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VANCOUVER, British Columbia -- Most professional locker rooms are the same. After a win, there’s loud music and celebrating. Post defeat, it’s quiet and somber.
The dressing room after the Chicago Blackhawks 4-3 loss to the Vancouver Canucks Friday night fell somewhere in between.
|Joel Quenneville had plenty of reasons to be frustrated on Friday.|
They can still play with anyone.
The Hawks outplayed the Canucks. They know it, the Canucks know it and most anyone that watched the game knows it. Yes, you can outplay a team, and still lose the game. It happens often in the NHL.
The 45 shots the Hawks sent towards Roberto Luongo were just one off the most the Canucks have given up all season. Even more impressive was the 35 shots they had in about 45 minutes of even strength time. The pace the Hawks set was frenetic and reminiscent of some of the great games of a year ago.
Of course, the great equalizers in hockey are goaltending and special teams. The Canucks won those battles. Luongo flashed his glove like a gold glove first baseman. And the Canucks power play was deadly.
So what does this all mean?
It means the Hawks are indeed closer to being the team everyone wants them to be, but they still aren’t quite there yet. Just closer.
Friday morning Jonathan Toews talked of his team playing up and down to its competition. If that’s true, it should bode well down the stretch, considering just about everyone in the conference, save Edmonton, is in the thick of the playoff race. They should be “up” more than down. If they play with the same pace they showed Friday night, even poor penalty killing might not stop them.
And don’t forget about two bad calls by the officials that went against the Hawks. Add one goal to the Hawks' total and subtract one from the Canucks, and you can see why the Hawks’ dressing room wasn’t in hysterics.
Joel Quenneville has made much of the now 13 times they’ve failed to get a point when tied in the third as well as the 11 times they’ve led in the final period and lost the game.
Take the equation one step further, and it can sound like a positive. Including their wins and four overtime losses, the Hawks have led or been tied in the third period in 44 of their 52 games. That’s impressive but equally un-impressive is, despite that fact, they woke up Saturday morning in ninth place in the conference.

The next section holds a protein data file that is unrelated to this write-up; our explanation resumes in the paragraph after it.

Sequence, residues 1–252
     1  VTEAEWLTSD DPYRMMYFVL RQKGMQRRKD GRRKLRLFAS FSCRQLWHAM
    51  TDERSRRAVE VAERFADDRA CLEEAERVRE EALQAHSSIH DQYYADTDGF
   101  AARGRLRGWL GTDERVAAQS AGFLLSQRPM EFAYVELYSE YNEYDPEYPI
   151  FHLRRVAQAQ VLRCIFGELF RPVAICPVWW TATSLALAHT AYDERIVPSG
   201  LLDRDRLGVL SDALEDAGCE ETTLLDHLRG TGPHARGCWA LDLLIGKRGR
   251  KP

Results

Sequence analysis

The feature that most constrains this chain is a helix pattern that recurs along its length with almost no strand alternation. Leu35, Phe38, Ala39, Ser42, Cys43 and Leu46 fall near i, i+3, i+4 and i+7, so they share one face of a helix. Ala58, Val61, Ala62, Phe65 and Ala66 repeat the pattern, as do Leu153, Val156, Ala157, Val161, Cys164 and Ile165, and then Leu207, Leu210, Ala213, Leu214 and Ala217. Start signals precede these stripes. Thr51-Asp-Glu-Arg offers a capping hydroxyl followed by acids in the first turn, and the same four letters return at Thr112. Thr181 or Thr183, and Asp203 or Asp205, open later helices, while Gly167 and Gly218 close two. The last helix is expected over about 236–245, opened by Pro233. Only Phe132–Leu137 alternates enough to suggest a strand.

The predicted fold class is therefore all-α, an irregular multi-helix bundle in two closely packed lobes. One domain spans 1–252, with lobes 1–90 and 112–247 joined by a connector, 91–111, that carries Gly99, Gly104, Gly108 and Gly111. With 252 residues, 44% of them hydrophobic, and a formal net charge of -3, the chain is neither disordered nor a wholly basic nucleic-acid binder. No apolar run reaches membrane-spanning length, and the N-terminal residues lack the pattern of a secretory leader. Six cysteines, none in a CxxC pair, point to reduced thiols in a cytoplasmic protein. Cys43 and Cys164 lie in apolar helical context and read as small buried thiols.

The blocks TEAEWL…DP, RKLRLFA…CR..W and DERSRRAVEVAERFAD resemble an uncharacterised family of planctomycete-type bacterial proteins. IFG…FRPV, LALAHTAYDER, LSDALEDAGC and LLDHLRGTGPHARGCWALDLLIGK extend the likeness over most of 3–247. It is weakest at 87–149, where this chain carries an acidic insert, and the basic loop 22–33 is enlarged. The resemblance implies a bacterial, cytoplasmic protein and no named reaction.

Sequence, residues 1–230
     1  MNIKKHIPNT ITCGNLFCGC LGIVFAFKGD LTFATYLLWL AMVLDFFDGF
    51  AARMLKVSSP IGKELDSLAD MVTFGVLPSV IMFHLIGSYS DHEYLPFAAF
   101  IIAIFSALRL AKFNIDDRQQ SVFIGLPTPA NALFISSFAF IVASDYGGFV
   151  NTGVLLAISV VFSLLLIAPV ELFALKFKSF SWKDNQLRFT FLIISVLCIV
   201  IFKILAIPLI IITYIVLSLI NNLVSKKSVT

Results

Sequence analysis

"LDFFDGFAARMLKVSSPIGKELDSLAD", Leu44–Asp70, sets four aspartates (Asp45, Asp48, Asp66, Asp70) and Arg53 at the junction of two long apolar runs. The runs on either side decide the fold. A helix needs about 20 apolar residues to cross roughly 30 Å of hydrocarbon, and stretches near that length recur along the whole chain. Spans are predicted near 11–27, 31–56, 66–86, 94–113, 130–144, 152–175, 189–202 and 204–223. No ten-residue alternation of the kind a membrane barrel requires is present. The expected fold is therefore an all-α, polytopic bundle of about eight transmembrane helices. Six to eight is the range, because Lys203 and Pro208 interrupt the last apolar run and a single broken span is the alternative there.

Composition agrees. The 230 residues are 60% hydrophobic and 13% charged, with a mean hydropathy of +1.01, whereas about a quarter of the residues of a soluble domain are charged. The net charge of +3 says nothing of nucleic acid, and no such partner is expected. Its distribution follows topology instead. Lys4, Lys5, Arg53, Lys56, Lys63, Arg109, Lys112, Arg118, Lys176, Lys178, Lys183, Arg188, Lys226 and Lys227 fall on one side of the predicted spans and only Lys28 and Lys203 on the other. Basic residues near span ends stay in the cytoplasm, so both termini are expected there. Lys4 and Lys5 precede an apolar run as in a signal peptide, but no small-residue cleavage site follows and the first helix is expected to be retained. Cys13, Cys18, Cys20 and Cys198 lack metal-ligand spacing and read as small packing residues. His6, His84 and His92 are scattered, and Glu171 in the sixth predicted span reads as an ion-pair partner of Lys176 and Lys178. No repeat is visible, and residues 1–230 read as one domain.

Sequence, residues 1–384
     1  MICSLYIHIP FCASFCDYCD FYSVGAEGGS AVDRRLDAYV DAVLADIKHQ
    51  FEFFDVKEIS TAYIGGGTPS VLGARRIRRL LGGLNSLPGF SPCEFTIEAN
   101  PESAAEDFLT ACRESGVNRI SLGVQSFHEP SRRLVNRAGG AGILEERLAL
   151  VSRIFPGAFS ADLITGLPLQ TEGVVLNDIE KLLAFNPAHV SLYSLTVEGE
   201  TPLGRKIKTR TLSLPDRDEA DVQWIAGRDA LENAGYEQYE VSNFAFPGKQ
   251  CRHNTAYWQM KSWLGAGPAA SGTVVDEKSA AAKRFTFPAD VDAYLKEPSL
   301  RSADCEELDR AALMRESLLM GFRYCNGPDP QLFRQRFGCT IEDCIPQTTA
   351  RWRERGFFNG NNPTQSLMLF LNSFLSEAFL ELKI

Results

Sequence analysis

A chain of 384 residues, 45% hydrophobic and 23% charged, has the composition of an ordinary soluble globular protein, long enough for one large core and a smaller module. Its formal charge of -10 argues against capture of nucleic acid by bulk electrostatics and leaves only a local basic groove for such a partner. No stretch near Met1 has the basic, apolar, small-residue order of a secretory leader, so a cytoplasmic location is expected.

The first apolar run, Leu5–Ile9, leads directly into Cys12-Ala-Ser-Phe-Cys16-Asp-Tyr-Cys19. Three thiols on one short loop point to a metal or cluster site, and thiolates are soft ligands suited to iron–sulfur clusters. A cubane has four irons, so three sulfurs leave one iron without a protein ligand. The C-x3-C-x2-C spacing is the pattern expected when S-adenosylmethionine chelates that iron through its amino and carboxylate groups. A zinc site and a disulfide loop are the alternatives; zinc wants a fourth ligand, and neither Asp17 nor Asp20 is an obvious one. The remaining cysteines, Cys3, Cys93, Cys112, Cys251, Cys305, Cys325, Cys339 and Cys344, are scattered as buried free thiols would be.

Overshadowed a little, by a great game with a playoff atmosphere, was the controversial decision by Joel Quenneville to start Marty Turco in net instead of Corey Crawford.
As has been the case most of the season, Turco didn’t lose the game for the Hawks but he didn’t win it either. Once again, his size -- or lack thereof --came into play. It could be argued three of the four Vancouver goals could have been stopped by a bigger netminder—like Crawford.
Anything that goes through screens, like Christian Ehrhoff’s goal to open the scoring or Mikael Samuelsson’s power-play score, can be scrutinized. Even without seeing the puck, a big goaltender has a chance at letting it hit him better than a small one. That’s not even a criticism of Turco, it’s a simple fact.
Could Crawford have stopped those shots? No one will ever know. But he would have had a better chance.
And on the winning goal, does Crawford get his right shoulder on the puck Daniel Sedin so adeptly re-directed? Maybe.
But that’s what sports are all about. Putting your best people in the best position to succeed. No one is claiming the Hawks can’t win that game with Turco in net. For all practical purposes, they did. But when fortune, or this the case the referees, turns against you, overcoming the adversity is the truest sign of a champion.
The Hawks, with Turco in net, have been unable to do that more times than not, and in the most crucial of moments in games.